Selling tickets to a show might seem like an easy feat—you tell people the time and place and they agree to show up. But the reality is, tickets cost money and going to a show costs time and some people aren’t willing to spend it.
According to Nielsen Top 10, Americans buy around $50 worth of tickets to see concerts per year. But, local artists and smaller musicians know too well the trials and tribulations of getting people to attend their shows. The disparity between people who see smaller independent artists and those who see stars, like Katy Perry, is enormous. Still, there are many people out there who want to see shows, even if it costs them hundreds of dollars. The question is—what are they spending this money on?
This is a time when CD sales are exponentially shrinking; even though ticket sales are not where they used to be, arena and stadium tours are no remnants of a by-gone era, they’re as relevant as ever. So who are the ticket sale greats and how have they managed to build a career off of selling out stadiums? Artists like One Direction, The Rolling Stones, Beyonce and Jay Z, Michael Buble, Luke Bryan and Justin Timberlake in 2014 made a new record for ticket sales in the United States grossing $20 billion overall, according to Billboard.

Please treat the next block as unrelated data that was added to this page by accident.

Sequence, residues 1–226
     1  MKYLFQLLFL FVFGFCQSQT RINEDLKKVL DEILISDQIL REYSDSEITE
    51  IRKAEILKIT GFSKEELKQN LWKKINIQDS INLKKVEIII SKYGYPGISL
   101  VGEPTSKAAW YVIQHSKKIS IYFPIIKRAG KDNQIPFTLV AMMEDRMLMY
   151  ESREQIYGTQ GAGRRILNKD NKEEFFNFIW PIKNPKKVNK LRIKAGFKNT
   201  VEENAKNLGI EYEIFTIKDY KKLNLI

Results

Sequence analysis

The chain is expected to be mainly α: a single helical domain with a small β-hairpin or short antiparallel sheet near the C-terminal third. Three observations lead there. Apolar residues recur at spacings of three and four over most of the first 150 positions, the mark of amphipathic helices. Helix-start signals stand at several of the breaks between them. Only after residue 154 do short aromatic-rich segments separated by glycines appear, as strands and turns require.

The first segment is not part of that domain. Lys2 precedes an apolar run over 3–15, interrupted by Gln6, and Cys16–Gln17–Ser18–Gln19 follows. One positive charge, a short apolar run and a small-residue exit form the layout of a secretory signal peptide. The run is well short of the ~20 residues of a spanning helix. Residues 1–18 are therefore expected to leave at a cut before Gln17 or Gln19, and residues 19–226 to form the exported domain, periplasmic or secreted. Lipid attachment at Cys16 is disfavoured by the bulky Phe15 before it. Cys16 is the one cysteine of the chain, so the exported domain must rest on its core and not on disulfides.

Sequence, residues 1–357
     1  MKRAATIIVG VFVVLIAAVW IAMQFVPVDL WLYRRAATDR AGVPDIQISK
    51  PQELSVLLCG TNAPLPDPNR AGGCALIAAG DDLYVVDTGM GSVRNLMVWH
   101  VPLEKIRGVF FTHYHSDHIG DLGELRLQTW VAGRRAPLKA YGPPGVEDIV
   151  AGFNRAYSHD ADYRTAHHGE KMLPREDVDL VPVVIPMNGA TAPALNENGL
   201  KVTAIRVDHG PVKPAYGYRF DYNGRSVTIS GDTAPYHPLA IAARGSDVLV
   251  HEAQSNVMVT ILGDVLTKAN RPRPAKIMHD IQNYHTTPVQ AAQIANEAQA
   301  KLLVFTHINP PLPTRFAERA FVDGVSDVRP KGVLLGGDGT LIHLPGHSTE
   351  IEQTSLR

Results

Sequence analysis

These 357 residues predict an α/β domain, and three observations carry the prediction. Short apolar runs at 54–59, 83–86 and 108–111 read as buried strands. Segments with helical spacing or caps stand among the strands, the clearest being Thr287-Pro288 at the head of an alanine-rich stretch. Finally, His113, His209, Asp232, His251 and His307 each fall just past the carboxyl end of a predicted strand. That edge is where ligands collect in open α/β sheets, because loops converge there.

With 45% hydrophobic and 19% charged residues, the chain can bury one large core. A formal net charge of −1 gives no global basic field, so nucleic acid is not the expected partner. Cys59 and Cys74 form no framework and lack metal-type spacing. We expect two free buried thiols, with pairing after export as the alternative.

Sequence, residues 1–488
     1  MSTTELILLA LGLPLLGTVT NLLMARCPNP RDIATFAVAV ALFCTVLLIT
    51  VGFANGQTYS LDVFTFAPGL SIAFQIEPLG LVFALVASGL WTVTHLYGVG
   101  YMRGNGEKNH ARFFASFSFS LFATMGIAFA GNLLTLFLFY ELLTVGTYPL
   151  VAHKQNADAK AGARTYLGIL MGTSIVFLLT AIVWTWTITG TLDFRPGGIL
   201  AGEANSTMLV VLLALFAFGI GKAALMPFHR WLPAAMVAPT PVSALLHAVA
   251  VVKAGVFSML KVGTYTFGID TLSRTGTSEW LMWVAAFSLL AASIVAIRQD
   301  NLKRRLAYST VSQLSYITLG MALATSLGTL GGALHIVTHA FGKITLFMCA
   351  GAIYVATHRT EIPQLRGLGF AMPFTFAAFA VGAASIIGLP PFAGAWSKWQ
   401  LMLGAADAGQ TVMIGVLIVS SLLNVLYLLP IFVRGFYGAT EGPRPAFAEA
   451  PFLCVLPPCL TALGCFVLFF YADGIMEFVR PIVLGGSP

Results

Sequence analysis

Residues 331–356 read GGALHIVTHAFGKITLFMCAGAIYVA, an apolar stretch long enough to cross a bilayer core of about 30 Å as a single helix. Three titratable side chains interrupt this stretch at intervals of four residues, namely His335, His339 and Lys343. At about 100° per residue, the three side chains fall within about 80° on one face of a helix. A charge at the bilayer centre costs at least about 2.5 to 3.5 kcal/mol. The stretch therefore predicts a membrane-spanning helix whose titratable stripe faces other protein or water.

Combining the total money made form ticket sales for both One Direction and Justin Timberlake, their global shows grossed around $500 million, with 5 million tickets sold worldwide, according to Billboard.
“I don’t read as much into those [Boxscore] metrics as I do individual tours and why something is working or not working,” says Rob Light, managing partner at Creative Artists Agency, who have booked large acts such as One Direction, according to Billboard.
Few artists seem to be selling out huge arena tours, but those that do are grossing millions of dollars.
Bon Jovi, Michael Jackson The Immortal World Tour, P!nk, Bruce Springsteen & The E Street Band, Rihanna, The Rolling Stones, Beyonce and Taylor Swift were among Billboard’s top grossing tours of 2013. According to Nielson Top 10, U2’s 360-tour is the highest grossing tour ever.
Many of these groups diverge in sound but have one big thing in common—major label backing and tremendous amount of radio-play. Many artists without such radio hits, money and resources behind them are capable of selling out smaller venues, but the artists who sell out arenas and stadiums are different because they have become icons. They have garnered success through commercial hits that penetrate mainstream culture.
People seem to want to see these icons for more than just their music. People want to see them because it’s newsworthy. People can attend these shows and they’re not just hearing music, they’re seeing a media/radio legend. They are witnessing what everyone has been talking about.
Getting people to come to shows is not just about having good music; it’s about giving them a good story to tell. It’s allowing them to witness pop culture in the making. It enables them to be a part of something.